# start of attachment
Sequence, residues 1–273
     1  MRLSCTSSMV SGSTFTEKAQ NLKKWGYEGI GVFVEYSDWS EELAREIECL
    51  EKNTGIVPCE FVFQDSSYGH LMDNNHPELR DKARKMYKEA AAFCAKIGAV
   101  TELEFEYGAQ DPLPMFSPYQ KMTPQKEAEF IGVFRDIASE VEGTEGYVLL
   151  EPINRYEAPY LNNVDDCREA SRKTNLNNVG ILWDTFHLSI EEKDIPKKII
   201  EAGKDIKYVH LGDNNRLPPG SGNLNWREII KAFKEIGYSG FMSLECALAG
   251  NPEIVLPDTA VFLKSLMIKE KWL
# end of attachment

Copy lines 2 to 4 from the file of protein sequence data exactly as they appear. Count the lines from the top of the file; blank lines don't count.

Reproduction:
     1  MRLSCTSSMV SGSTFTEKAQ NLKKWGYEGI GVFVEYSDWS EELAREIECL
    51  EKNTGIVPCE FVFQDSSYGH LMDNNHPELR DKARKMYKEA AAFCAKIGAV
   101  TELEFEYGAQ DPLPMFSPYQ KMTPQKEAEF IGVFRDIASE VEGTEGYVLL